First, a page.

In the corner of my mum’s attic there is an old sewing machine which is waiting to be transported to our house. It belonged to my grandmother and I can easily recall its clicking sound and the image of my grandmother’s hands bowed over it with a piece of navy blue fabric that she would use to sew a dress for one of her many granddaughters. I know that soon this sewing machine will take a prominent place in our house; somewhere between my desk for reading and writing and next to this vintage typewriter that once sat in a little closet in my husband’s childhood home, to remind me of all the things that my now deceased grandmother exemplified: discipline, work, beauty.
With the Internet being full of different approaches to decorating houses, I have been for a while thinking if I have one. I have been drawn very much to the ideas encapsulated in the Japanese ancient philosophy of Wabi-Sabi, so beautifully pictured and described here and here by my two favourite bloggers. You will learn from these posts that Wabi-Sabi is about seeing beauty in imperfections, appreciation of the ordinary, and although I feel a strong affinity for it I know that it is not me entirely. It definitely speaks to my imagination, helps me forgive myself for not being perfect, and agrees with my non-consumerist approach to the many of life matters… but I mainly draw courage from our family histories… to answer my curiosity and calling just as the people before me had the courage to do it.
Our house stores a few objects that once functional are now primarily memories of our ancestors, of people who at some time were present in our lives. We are now left with pictures, photographs, books, an old butler (the piece of furniture, not the man servant). I think that we keep those things because what we value is continuity and we appreciate what has been attempted by them. Those objects represent their dreams, their aspirations and their qualities. Sources of strength. I am delighted to live with ghosts like these.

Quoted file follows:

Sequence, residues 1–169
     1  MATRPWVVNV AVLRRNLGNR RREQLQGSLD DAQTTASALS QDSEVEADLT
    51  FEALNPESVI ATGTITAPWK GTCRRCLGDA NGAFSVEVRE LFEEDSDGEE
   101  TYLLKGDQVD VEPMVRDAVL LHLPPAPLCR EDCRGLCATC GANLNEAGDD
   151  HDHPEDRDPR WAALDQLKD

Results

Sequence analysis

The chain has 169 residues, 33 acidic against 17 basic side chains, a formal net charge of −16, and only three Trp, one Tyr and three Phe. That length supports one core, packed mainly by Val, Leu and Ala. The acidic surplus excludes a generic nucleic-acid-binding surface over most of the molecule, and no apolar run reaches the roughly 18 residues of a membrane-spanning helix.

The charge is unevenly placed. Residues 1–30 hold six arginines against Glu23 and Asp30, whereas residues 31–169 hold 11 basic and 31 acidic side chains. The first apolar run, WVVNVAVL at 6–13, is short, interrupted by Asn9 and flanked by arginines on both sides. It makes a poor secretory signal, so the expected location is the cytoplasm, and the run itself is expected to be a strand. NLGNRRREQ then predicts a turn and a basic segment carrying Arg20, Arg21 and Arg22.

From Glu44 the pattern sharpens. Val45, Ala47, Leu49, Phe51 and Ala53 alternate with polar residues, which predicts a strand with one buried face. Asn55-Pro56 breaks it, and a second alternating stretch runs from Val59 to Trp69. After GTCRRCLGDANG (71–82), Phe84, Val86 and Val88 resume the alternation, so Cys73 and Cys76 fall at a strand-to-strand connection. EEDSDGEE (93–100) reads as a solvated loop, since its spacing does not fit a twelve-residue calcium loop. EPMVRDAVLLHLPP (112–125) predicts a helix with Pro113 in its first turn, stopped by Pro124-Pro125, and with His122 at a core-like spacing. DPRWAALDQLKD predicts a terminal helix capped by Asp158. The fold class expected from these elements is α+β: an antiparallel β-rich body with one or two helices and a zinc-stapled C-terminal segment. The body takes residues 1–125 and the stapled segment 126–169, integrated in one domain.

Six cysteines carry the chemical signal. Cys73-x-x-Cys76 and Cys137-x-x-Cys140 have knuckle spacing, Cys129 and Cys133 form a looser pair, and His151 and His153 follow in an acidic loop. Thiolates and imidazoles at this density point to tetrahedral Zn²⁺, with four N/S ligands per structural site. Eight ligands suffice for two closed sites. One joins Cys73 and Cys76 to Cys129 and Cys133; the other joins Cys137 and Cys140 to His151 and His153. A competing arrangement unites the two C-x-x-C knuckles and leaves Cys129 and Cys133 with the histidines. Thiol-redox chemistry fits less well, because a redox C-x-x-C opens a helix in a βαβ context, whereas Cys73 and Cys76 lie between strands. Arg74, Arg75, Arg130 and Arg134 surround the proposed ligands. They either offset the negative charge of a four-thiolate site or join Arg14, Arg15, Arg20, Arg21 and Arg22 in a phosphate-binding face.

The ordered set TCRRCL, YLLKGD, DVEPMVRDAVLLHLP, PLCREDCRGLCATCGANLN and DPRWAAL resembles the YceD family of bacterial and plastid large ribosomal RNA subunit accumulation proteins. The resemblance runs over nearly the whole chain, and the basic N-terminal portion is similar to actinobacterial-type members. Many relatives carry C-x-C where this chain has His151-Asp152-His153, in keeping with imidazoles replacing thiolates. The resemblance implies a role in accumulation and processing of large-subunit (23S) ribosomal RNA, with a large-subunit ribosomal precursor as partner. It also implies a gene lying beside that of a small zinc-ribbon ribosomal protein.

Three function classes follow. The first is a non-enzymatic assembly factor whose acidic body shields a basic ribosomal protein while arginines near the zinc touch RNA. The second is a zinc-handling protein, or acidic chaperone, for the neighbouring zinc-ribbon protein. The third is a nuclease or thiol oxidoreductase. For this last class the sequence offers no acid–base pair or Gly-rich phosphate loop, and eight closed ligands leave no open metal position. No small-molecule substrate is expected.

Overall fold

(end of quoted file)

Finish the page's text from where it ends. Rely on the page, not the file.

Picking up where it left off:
Sometimes I think that we fall into the trap of believing that we live in the golden age and that previous thinking, products, or actions somehow did not exist in the past or were totally inferior to the present. Can we really be so smug, but at the same time so insecure, about our contemporary skills and successes? I feel that the things that we choose to surround ourselves with have the capacity to both ease our insecurity and give us the perspective that a) we are part of a story that is longer than our lifespans and b) that our lives will also become part of someone else’s history.
Isn’t it a reason good enough to live a courageous and fulfilling life abundant with gratitude?